Open thread

Published by Lori Pickert on May 1, 2009 at 11:36 AM

We act as though comfort and luxury were the chief requirements of life, when all that we need to make us happy is something to be enthusiastic about. — Einstein



Comment by Mary on May 1, 2009 at 01:29 PM

That could be a life-changing statement for so many people. Many people I know and, more often than I care to admit, I spend life seeking comfort and luxury and spend life without purpose. What a great lesson to instill in our children early on.

Comment by Lori Pickert on May 1, 2009 at 02:04 PM

if you imagine a life with comfort and luxury but nothing to be enthusiastic about … the opposite immediately establishes its appeal.

this ties in to what we were saying in last week’s open thread — that when we start focusing on school as a ticket to a job/career/salary/belongings, we miss the point that the chief pleasures of life don’t have anything to do with those things (unless you are lucky enough to love your job and find your life’s work there).

Comment by Lori Pickert on May 1, 2009 at 02:05 PM

candy posted a great item to the forum that i want to share here:

Garden As Project-Based Learning

I just thought I'd share, since we are so very busy with our garden this time of year, that a vegetable garden is superb project-based learning.

First off, there's the composting that has been going on all year round. My boys love to take jugs of veggie scraps out to the compost - and whenever it rains, they collect as many worms as they can find and relocate them to the compost. Then, when time comes - they get to see compost in action when we till it into the soil. We even left part of the garden WITHOUT adding any compost.. so we can compare.

We've also decided to grow a few of our tomato plants upside down to compare the tomato output with our ground dwelling tomatoes.

The boys helped Daddy build the green bean house for the bean vines to grow up. They help sprout the seeds, plant the plants, water them and to pick the veggies & fruits when they are ripe. They also learn to save the seeds from certain plants of ours so we can grow them next year. They learn to troubleshoot ways to keep the rabbits out of the garden. They choose seeds to try... and this year, oldest plans to sell some of his veggies at a veggie stand which will help with money math. But, it's also helped him develop an understanding of advertising & promotions- as he has come up with lots of ideas to draw customers.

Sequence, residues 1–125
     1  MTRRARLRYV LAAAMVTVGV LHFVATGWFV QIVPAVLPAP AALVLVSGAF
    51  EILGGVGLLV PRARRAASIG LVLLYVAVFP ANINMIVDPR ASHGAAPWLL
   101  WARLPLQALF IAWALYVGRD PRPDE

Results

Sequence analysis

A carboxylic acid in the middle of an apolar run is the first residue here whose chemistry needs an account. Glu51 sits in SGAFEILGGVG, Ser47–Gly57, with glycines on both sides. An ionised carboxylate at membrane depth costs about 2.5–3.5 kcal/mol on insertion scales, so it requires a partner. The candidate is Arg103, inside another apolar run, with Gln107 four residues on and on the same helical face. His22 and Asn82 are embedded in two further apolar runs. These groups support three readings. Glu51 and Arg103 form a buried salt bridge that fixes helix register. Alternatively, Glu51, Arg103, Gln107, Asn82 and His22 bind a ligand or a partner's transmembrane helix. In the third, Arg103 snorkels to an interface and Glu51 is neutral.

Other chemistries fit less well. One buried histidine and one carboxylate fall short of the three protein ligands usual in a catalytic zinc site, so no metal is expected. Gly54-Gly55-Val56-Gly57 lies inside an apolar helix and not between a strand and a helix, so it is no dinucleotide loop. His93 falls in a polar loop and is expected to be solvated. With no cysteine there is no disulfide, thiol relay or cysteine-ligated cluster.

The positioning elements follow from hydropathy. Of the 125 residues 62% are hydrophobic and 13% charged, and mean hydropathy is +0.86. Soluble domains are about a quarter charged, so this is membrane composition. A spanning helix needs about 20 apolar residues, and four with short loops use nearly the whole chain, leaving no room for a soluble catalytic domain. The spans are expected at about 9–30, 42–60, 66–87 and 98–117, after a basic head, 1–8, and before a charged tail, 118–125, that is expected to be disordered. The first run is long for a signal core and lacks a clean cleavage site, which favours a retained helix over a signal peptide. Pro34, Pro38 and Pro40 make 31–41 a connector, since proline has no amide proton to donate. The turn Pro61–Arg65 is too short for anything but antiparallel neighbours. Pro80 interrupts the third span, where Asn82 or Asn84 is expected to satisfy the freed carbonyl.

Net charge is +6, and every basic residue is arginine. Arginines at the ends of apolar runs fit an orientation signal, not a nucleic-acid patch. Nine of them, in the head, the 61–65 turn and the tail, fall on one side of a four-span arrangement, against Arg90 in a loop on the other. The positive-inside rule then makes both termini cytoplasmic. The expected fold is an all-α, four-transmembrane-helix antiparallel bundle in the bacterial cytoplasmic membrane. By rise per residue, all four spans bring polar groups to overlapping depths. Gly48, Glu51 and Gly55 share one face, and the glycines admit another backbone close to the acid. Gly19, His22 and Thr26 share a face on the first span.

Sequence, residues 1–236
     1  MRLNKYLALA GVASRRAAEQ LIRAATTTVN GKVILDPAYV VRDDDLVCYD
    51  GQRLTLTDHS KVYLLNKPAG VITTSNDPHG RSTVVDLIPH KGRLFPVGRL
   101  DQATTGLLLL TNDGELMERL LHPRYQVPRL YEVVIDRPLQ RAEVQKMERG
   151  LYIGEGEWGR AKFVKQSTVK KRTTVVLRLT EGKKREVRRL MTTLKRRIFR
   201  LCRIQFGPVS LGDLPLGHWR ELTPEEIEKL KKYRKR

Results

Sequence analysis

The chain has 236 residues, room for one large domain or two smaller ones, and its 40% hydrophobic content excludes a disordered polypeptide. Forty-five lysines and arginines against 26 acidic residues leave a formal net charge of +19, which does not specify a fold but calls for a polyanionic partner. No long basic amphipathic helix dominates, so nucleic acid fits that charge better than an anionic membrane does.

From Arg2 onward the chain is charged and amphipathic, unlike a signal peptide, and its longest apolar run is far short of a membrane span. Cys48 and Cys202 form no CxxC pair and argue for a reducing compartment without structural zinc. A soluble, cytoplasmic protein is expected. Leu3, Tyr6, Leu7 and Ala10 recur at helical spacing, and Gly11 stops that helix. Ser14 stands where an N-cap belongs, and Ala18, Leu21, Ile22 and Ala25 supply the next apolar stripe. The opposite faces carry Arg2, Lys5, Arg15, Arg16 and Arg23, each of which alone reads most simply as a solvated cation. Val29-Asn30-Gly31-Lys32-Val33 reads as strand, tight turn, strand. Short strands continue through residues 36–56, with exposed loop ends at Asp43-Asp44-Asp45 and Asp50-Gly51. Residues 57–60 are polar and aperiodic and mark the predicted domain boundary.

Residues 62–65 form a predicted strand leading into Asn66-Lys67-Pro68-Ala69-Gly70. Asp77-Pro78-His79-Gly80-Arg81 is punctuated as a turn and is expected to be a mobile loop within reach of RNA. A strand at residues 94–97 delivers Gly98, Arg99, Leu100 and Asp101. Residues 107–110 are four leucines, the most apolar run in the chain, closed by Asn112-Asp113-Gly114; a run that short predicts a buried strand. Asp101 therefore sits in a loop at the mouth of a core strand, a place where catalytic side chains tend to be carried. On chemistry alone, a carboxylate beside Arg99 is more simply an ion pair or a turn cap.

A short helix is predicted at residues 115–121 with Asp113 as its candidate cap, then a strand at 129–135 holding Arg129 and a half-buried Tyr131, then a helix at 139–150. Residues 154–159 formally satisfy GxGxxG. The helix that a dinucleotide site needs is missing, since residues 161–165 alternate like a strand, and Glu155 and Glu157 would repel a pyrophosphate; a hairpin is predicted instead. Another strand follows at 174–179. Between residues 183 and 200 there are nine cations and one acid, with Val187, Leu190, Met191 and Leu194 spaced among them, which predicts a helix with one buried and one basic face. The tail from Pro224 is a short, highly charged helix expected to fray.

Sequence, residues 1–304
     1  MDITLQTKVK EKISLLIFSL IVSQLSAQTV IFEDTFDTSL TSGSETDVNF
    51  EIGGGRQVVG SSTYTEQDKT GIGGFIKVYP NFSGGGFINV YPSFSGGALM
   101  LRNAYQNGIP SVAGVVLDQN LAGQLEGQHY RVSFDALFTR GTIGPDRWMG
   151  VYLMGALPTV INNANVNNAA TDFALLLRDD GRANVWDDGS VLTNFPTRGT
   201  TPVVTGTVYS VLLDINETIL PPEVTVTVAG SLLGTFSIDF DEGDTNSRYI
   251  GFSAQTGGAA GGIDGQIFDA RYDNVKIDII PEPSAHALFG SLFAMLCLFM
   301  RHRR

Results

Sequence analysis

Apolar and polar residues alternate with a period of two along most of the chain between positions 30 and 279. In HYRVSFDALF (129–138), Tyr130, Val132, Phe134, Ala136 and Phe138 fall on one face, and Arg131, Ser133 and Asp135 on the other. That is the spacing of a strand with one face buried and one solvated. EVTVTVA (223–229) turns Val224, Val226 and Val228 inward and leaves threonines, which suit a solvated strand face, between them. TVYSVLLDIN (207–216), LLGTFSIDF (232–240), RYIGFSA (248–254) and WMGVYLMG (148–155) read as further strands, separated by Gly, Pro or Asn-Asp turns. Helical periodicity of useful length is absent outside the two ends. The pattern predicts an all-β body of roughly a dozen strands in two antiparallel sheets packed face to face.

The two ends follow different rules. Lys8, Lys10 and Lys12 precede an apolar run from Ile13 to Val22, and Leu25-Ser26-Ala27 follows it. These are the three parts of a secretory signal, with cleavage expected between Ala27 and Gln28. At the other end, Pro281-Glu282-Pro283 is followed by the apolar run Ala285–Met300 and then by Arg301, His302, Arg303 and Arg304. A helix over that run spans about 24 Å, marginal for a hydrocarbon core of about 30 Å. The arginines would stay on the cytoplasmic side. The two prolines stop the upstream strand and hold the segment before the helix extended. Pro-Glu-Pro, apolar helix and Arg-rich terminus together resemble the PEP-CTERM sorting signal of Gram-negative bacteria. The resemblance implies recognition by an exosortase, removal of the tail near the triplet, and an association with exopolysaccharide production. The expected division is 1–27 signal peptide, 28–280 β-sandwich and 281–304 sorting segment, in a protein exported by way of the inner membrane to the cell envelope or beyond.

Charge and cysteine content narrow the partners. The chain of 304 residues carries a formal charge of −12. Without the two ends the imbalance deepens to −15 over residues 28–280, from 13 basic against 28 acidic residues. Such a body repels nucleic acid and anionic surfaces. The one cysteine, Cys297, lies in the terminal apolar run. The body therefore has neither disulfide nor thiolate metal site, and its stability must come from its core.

They will bring the learning experience into the home when we start cooking and canning our produce. They love to cook. They witness the cycle of life first hand. It's an amazing experience that offers new learning every year as we constantly expand and improve on our gardening skills and garden.

the garden attracts bugs, lizards, birds, and animals to sneak up on... to watch.. to photograph and ask questions about. They can track rabbits to find out just how the critters are getting into the yard.

The garden is one of the most valuable learning experiences we have, here. It's awesome!

-- Candy

Comment by Dawn on May 1, 2009 at 02:46 PM

When I read this I instantly thought of the experience we had in school where coloring in the lines, making "cookie cutter" art and learning arbitrary facts was more important than allowing her to explore those things she was so enthusiastic about!
Lots to think about here as an adult... finding that balance between wants and needs. Sometimes comfort is not such a good thing... getting out of my comfort zone this past year has created so many more possibilities and new ideas!

Candy's garden project sounds wonderful! Can't wait to get to a place were we can have a big garden again! Pots will have to do for this summer!

Comment by Sarah Jackson on May 1, 2009 at 04:33 PM

I loved reading about Candy's garden project! We have one too, and it's been really fun for us to track the development of the plants and count the blossoms and then see how many turn into fruit. Jeff started a compost bin, which Annika loves. So fun!